These contracts would be physically settled, traded on exchange and cleared via clearing houses. Futures contracts should be fungible to allow for trading across all markets and multiple platforms and could potentially also be cash settled. Over time, the Taskforce envisages that exchanges could also develop reference contracts which combine the core carbon contract with additional attributes that are separately priced. The Taskforce also encourages large buyers to purchase a share of their voluntary credits on exchange, through reference contracts, to encourage the development of liquidity. This would also reinforce the efficacy of the published carbon price. There is also discussion regarding the development of a separate and complementary over-the-counter (off exchange) market for carbon contracts in both standardized and bespoke format, which will benefit from the establishment of a reference contract. 

To enable more efficient trading of carbon credits, the Taskforce recommends for an appropriate industry body to host and create standardized documentation to govern these trades. It is recommended that master agreements be improved based on currently existing agreements, such as the ISDA emissions trading annex. 

The Taskforce also recommends that the establishment of an active secondary market will allow market participants to manage and hedge risks that can arise from, for example, carbon projects or carbon reduction commitments. Such a market would increase access to carbon markets for those participants who would not traditionally be present in financial markets and/or may not be able to easily access exchanges or clearing houses. 

Topic Three: Infrastructure: Trade, post-trade, financing and data 

The Taskforce recommends that a set of infrastructure components must be in place to handle large scale trading of core carbon reference contracts. The actions to develop the target infrastructure are:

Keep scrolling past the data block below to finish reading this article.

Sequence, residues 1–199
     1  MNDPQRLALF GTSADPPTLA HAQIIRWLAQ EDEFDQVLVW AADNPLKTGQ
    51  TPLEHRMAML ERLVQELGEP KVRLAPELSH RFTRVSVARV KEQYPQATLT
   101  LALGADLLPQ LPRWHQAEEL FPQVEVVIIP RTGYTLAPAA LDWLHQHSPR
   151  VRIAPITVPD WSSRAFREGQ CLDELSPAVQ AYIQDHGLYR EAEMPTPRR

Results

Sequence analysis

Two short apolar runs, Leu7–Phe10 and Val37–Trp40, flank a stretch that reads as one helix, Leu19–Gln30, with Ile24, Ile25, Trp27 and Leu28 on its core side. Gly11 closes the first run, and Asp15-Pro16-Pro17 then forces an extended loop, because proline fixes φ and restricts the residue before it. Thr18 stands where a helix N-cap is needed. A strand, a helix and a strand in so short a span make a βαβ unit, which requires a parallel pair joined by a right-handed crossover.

• Build or utilize existing high-volume trade infrastructure. For example, the Taskforce recommends that exchanges provide market participants with access to market data and adhere to suitable cybersecurity standards. Likewise, OTC brokers should provide increased market data transparency. 
  • Create or utilize existing resilient post-trade infrastructure. For example, the Taskforce recommends that clearing houses be used to facilitate an exchange traded market, provide counterparty default protection and offer access to relevant data. Meta-registries should be established to provide custodian-like services and generate standardized issuance numbers for projects across existing registries (similar to the ISIN concept). 
  • Implement advanced data infrastructure. For example, the Taskforce recommends that data providers and meta-registries could work together to offer transparent reference and market data, as well as historic carbon project or project developer performance and risk data. 
  • Catalyze structured finance. The Taskforce argues that, for example, providing recognition to financiers that invest in carbon offset projects (e.g., with a 'green financier' label), as well as encouraging development and green investment banks to commit to increasing funding for carbon offset suppliers (in particular the smallest suppliers), would increase lending facilities for project developers. The Taskforce's aim over the long term is to create a market that can generate standalone funding, and therefore use of public funds should only be a bridge solution. 

Topic Four: Consensus on the legitimacy of offsetting